An award-winning, record-breaking music education service for children and adults with learning disabilities

It was founded by former Deputy Head Teacher, David Stanley, to meet a growing demand from parents for regular and accessible musical opportunities for their children. The Music Man Project nurtures their innate musicality, delivering education, enjoyment and performances through the teaching of original music at special schools, colleges, care homes, weekly music schools and daily adult classes in the community. The Music Man Project offers the same opportunities enjoyed by aspiring mainstream musicians by providing the best tuition, instruments, musical repertoire and performance platforms available. It currently operates in Essex, Suffolk, Sussex, Kent, Hampshire, Bristol, Lincolnshire, Scotland, South Africa and India. It supports schools, the Salvation Army, local Mencap societies, Music Education Hubs and individuals in fulfilment of its objective to establish a specialist music service in every county in England, in every country in the UK and in every continent in the world.

The Music Man Project delivers inspirational concerts and workshops across the country which raise awareness and challenge misconceptions, such as a Remembrance Day concert at the Royal College of Music, a performance to close World Mental Health Day at the Royal College of Psychiatrists, entertaining 39,000 runners at the London Marathon, performing at Royal Mencap’s first National Conference and presenting two unique ‘Sunday Night at the London Palladium’ concerts called ‘Music is Magic’. The 2017 Palladium production played to a sell-out audience of over 2000 people, including HRH the Countess of Wessex. It featured a successful Guinness World Record for the largest ever triangle ensemble and the world premiere of a new musical called ‘The Label’, based on the book by Caroline White. The concert was featured on BBC1 Breakfast and helped Royal Mencap to celebrate their 70th anniversary and commemorate the life of the late Lord Brian Rix. The Music Man Project’s charity single from their recent album ‘Music is Magic’ topped the Amazon Broadway chart and the e-book, “Music is Magic: The Story of the Music Man Project” led the Amazon Kindle Special Education chart. The Music Man Project has been shortlisted to the final of the Music Teachers Awards for Excellence twice in the last three years (Best SEN Resource category) and won the 2016 Kids Count Inspiration Best Creative Contribution Award. It has been praised by two Prime Ministers and described as outstanding by OFSTED.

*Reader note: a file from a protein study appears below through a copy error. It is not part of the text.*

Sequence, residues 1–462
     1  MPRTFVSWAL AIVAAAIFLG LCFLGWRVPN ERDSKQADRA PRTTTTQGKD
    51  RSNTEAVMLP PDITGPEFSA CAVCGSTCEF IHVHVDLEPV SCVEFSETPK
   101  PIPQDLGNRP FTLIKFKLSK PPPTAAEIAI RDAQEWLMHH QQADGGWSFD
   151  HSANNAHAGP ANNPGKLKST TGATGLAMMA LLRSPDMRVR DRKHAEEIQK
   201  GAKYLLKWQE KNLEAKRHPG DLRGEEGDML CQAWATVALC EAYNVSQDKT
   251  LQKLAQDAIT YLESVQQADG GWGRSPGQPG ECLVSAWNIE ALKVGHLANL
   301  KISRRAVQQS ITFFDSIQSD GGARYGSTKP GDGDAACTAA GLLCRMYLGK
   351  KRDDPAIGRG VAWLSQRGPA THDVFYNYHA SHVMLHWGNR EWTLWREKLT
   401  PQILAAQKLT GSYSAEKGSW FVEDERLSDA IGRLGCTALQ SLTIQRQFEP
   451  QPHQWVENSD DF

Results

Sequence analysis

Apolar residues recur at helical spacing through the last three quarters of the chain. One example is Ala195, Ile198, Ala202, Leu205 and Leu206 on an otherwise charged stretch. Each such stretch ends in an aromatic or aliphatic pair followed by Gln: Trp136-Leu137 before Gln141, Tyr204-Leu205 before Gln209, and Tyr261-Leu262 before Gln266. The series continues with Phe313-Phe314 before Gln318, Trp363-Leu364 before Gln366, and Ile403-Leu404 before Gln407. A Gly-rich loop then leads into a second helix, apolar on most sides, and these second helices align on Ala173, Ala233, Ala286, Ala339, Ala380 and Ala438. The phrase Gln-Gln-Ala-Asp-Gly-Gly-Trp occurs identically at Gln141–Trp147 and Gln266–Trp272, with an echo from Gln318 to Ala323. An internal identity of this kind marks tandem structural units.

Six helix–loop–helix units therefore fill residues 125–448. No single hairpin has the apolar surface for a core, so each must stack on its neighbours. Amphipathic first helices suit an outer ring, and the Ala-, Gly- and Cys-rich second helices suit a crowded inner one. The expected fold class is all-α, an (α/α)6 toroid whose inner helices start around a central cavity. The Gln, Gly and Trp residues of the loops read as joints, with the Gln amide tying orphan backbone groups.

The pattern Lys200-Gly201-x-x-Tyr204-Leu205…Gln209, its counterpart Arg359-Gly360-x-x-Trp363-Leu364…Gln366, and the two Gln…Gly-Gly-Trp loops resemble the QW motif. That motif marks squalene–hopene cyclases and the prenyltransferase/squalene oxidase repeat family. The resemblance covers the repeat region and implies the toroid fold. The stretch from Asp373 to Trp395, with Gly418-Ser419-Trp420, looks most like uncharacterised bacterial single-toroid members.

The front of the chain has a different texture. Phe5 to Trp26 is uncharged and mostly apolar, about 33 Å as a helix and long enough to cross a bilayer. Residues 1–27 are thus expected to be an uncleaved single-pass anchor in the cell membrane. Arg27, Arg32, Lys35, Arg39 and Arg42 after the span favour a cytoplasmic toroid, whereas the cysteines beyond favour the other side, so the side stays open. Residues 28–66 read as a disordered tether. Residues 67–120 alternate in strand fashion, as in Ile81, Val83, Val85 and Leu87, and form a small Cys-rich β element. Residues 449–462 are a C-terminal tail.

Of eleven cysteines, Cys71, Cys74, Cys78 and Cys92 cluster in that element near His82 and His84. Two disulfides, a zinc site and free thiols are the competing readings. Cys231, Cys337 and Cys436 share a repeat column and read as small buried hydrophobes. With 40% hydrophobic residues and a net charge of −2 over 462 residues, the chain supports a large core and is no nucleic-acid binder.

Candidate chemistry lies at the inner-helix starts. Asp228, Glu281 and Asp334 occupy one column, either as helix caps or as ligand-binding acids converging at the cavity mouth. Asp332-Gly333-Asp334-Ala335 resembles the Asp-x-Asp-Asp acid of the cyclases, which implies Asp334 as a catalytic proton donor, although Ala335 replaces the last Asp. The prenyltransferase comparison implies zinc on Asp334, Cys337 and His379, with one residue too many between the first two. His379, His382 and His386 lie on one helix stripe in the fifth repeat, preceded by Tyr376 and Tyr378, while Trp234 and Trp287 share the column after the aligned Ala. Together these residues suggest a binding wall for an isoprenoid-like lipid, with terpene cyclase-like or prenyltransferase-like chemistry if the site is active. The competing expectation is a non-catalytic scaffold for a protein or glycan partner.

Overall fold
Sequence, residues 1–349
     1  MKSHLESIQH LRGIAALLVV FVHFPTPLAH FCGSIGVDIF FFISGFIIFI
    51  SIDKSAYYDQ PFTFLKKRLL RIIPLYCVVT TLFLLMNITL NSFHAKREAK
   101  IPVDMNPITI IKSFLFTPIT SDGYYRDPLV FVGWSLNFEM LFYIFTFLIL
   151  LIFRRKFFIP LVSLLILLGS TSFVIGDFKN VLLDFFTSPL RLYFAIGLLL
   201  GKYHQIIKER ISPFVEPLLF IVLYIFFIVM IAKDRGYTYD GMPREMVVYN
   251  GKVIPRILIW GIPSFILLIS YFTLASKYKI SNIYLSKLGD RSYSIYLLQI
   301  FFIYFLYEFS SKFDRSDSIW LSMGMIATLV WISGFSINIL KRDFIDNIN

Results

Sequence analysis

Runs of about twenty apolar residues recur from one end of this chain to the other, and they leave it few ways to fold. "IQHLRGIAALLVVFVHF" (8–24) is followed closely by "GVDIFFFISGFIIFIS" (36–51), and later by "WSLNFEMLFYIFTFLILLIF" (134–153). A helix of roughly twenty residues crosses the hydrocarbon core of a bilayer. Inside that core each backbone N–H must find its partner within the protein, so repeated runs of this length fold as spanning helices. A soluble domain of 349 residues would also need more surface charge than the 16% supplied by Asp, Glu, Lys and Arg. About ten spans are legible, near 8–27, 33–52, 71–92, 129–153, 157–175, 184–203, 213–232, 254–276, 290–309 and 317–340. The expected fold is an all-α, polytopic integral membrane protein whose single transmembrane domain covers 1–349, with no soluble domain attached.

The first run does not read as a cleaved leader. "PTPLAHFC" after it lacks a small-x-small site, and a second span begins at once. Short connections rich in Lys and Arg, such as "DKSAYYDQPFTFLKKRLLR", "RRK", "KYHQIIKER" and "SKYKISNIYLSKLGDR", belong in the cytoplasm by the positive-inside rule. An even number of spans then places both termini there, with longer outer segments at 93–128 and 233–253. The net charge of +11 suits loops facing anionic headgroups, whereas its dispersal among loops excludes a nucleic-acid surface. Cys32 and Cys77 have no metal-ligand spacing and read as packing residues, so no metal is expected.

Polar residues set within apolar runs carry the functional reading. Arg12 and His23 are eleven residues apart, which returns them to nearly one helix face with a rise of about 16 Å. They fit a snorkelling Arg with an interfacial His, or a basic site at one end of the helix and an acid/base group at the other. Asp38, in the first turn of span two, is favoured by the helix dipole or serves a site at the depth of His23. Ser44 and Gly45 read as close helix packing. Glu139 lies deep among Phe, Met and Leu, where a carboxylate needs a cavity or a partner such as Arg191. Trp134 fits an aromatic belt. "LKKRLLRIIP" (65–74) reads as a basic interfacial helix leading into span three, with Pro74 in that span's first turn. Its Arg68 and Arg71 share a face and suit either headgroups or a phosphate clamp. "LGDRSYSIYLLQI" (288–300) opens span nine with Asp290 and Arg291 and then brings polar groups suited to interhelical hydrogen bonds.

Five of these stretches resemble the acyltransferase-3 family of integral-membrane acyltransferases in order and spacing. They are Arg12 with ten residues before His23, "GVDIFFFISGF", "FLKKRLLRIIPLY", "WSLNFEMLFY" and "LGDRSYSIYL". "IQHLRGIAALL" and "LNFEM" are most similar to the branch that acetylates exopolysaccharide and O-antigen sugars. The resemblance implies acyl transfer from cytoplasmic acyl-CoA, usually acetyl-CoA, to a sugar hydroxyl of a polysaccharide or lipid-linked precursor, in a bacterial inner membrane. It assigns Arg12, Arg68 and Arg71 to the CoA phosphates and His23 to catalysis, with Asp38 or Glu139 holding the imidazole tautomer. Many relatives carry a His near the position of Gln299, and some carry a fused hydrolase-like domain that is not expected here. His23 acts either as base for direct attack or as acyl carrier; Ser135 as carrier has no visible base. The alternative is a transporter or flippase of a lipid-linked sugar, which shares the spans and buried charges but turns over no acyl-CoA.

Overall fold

The Music Man Project supports doctoral research at the Royal College of Music into the effect of musical participation on health and well-being for people with learning disabilities. The partnership, initiated through Regional MMP Director and Royal College PhD student, Natalie Bradford, included performances, workshops and undergraduate training to prepare the next generation of specialist music educators in this sector. David Stanley helps other organisations set up their own version of his original model in communities around the UK and beyond, following a not-for-profit franchise model. In 2016, he led a 10-day teaching and research trip to children homes, day centres and an orphanage in South Africa. In 2018, he established Music Man Project India during a 7-day visit to special schools, colleges and care homes in Bangalore.

The Music Man Project has published a songbook, released an album and produced a range of online content to support families and teachers, including sheet music, lyrics, signs, backing tracks, video demonstrations and supporting explanations. This is provided free of charge, alongside training, mentoring and consultancy for musicians, schools, charities and arts organisations.

The Music Man Project develops the musical instinct that lies within us all to instil confidence, self-esteem and as a vehicle for joy and emotional expression. Rather than focusing on their disability, all students are treated as musicians and Southend Mencap, the charity which runs the project, has only the highest aspirations for what can be achieved by everyone involved in this unique innovation. The musical outcomes are presented to the public in large-scale performances as a way of educating the wider society about what people with disabilities can do rather than what they need. David Stanley campaigns for equal opportunities for musicians with learning disabilities to perform at the most prestigious concert venues and high-profile events.